'Batnadoes' Can Protect California’s Crops - Gastro Obscura
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‘Batnadoes’ Can Protect California’s Crops

Bats are farmers’ new best friends.

A "batnado" in action.
A “batnado” in action. Courtesy of Tamren Dong

For anyone driving the Yolo Causeway, the sight can come as a shock. As the summer sun sets behind the marshy floodplain of the Yolo Bypass, a swirling stream of bats soars out from beneath the elevated thoroughfare. To the delight of bat-lovers and a local rice farmer, roughly a quarter-million bats have made the underside of the tall, 3.2-mile causeway their summer home.

The Yolo Bypass is a study in coexistence. Water routed there keeps the nearby city of Sacramento from flooding, and some of its 59,000 acres house the Yolo Basin Wildlife Area, a refuge for waterfowl, animals, and fish. It’s also home to rice farms: Sacramento Valley produces most of the nation’s sushi rice, and several are located within the bypass. Since rice farming also creates a habitat for marshland animals, the Wildlife Area even leases land to one rice farm.

Mike DeWit, giving a tour of his rice fields.
Mike DeWit, giving a tour of his rice fields. usdagov/(CC BY 2.0)

At this farm near the Causeway, Mike DeWit grows wild rice. “Never really had a problem with insects,” he says laconically, “because of the bats.” For him, the bats are a benefit: They eat half their weight in insects each night, and pregnant bats eat even more. In his other rice fields in southern Yolo County, he has to spray for armyworms, and he knows rice farmers who have lost 20 percent of their crop to the pests. While weather conditions might also play a role, DeWit swears that the local bat population plays an outsized role in keeping his wild rice worm-free.

He’s likely right, according to Rachael Long, a farm advisor with the UC Cooperative Extension in the Sacramento Valley. She’s researched for decades how bats can help farmers control pests. “Armyworms are always a big problem in rice production,” she says. “Bats are predators, of armyworms, cutworms, and other pests.” Bats’ nocturnal feasts prevent adult moths from laying eggs that will hatch into hungry, rice-eating caterpillars, and, Long says, their impact cannot be overstated. When pest populations get out of control, “it can be really devastating.”

A rice harvest in progress in the Yolo Bypass Wildlife Area.
A rice harvest in progress in the Yolo Bypass Wildlife Area. Photo courtesy Ann Brice

It’s a happy accident that so many bats have made the Causeway their summer home. The conditions are ideal for bats, says Mary Jean “Corky” Quirk. Quirk is program coordinator at the Yolo Basin Foundation, but she’s also the founder of NorCal Bats, a rescue and educational organization. As program coordinator, she leads the Foundation’s wildly popular Bat Talk and Walks, which are currently completely booked except for one date in late September.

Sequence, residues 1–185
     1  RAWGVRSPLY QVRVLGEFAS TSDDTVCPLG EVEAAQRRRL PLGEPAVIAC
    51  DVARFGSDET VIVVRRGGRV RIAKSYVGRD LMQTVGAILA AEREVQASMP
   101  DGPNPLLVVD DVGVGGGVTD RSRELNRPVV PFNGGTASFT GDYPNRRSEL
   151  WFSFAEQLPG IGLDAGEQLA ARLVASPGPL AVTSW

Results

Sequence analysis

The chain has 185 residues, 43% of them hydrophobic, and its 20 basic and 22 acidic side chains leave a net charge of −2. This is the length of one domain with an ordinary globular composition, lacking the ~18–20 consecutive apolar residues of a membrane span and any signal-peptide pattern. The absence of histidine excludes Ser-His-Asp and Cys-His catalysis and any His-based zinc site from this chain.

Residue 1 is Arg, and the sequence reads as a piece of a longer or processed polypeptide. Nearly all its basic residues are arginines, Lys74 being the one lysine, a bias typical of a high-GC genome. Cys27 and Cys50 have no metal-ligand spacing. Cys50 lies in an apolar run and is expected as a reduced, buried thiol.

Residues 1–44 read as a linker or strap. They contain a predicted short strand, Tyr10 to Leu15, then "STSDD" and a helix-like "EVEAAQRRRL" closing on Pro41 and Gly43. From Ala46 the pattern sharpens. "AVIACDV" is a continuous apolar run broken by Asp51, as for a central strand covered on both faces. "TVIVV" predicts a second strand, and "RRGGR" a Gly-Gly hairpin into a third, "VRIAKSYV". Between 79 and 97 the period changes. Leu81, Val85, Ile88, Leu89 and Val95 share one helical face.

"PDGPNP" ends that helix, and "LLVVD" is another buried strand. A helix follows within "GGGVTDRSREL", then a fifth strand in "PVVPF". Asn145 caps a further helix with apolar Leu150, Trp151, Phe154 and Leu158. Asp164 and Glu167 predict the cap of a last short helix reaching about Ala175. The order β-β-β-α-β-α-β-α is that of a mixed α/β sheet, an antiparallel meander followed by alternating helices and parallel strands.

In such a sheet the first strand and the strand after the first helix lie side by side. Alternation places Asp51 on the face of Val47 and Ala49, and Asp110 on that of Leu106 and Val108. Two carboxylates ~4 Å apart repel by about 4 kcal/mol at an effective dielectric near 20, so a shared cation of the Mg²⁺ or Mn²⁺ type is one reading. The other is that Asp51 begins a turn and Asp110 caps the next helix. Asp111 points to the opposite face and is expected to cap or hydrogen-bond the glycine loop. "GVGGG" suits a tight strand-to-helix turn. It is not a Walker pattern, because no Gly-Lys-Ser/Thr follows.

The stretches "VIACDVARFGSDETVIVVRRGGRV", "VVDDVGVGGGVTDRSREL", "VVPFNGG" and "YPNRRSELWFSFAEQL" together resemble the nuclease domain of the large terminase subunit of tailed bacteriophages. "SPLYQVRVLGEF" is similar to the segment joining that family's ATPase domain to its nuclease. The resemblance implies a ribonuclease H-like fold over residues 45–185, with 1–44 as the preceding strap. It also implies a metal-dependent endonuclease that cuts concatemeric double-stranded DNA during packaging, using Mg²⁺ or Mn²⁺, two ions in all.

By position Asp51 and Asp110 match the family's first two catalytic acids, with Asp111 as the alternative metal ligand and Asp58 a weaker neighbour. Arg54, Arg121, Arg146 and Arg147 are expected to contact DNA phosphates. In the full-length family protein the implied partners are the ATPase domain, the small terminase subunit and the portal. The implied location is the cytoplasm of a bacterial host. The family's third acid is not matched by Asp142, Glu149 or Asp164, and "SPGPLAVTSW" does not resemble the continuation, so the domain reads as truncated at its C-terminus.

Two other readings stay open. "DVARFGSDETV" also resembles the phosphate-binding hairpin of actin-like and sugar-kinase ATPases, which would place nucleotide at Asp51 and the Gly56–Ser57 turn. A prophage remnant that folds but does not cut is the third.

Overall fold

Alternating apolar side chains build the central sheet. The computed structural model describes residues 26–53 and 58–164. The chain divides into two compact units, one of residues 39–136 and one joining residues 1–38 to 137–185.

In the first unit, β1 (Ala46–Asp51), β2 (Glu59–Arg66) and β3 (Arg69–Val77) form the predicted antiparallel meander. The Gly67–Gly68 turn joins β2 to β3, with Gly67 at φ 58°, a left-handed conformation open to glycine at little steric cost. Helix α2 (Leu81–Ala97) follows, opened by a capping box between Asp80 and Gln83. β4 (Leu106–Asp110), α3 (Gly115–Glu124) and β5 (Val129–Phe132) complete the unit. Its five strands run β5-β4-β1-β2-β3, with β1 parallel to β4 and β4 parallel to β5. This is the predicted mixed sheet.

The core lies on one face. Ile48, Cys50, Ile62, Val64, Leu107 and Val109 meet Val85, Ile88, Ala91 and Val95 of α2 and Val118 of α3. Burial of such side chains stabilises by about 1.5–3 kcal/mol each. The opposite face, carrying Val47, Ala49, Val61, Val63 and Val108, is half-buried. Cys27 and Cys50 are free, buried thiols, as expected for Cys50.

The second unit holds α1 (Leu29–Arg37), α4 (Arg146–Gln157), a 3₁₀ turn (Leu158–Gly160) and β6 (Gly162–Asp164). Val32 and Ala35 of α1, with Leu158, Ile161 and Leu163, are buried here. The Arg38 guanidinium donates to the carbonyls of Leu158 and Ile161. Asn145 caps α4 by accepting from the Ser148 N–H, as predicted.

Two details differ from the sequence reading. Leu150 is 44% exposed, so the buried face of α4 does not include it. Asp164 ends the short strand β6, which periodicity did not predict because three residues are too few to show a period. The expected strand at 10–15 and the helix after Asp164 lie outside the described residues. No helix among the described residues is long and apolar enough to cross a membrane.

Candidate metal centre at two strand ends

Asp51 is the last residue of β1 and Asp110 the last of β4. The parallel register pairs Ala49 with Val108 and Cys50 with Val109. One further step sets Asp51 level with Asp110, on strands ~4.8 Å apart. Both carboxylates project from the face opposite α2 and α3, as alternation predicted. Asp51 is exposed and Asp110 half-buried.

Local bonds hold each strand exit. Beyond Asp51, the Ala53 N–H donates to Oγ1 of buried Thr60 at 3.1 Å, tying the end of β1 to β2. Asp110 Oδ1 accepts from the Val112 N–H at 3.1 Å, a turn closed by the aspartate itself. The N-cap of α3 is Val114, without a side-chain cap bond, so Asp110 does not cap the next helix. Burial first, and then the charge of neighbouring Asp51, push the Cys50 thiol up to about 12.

The bats beneath the Causeway, Quirk says, are Mexican free-tailed bats, who are making a migratory stop. Since they form gigantic colonies, they are the region’s most numerous variety. The spaces between expansion joints beneath the Causeway make for comfortable roosting. Summer is when the bats come to give birth, and the hot asphalt of the bridge keeps everything warm, providing a heated nursery. Their large population has an equally large effect, Long says. “We’ve got three hundred thousand of them group feeding and patrolling over these fields,” she says. Quirk agrees. “These guys are the farmers’ best friend.”

As the sun sets, the bats fly.
As the sun sets, the bats fly. Courtesy of Tamren Dong

The surrounding marshland and farms in the Bypass act as a bat buffet. Bats can travel far in search of food, flying up to 30 miles every night. They can also go vertical. According to Quirk, bats will chase moths two miles up into the air. The Causeway “batnado,” which is a locally famous phenomenon, consists of bats going out to feed each night. Quirk is ambivalent about the term, though. “That kind of sight is more associated with caves, where they do a spiral,” she says. “I call it a ribbon.”

All this hard work from the bats is burnishing their reputation. Outside of rice fields, they also eat insects in California’s orchards, which produce almonds, walnuts, and more. During Long’s 25 years of researching the topic, superstition and fear of rabies have long made people cautious of bats. But farmers are now interested in their insect-eating capabilities. Organic farmers, who have limited pest-fighting options, are particularly intrigued. According Long’s research—based on examining bat guano for the number of moths eaten each night at a local walnut orchard—a single bat can save a farmer up to $10 a season in pest control.

Quirk's rescued bats are unable to live in the wild.
Quirk’s rescued bats are unable to live in the wild. Courtesy of Kate Mielke

Multiply that by a quarter-million and … well. “If they’re saving me $30 to $40 per acre a year? Because of the benefits, I love bats,” DeWit tells me. He’s not alone. Long regularly receives calls about bats, and she says roughly half are from farmers looking to attract them. She advises farmers to build bat houses. (Although both Long and Quirk warn emphatically against touching bats: It’s extremely rare, but they can carry rabies.) It’s not easy to attract bats, though, because bats like to return to where they were born.

That means the Yolo Causeway will host bats for many summers to come. The Mexican free-tailed bats arrive in spring and disperse in September. Where they go, Quirk says, remains a mystery.

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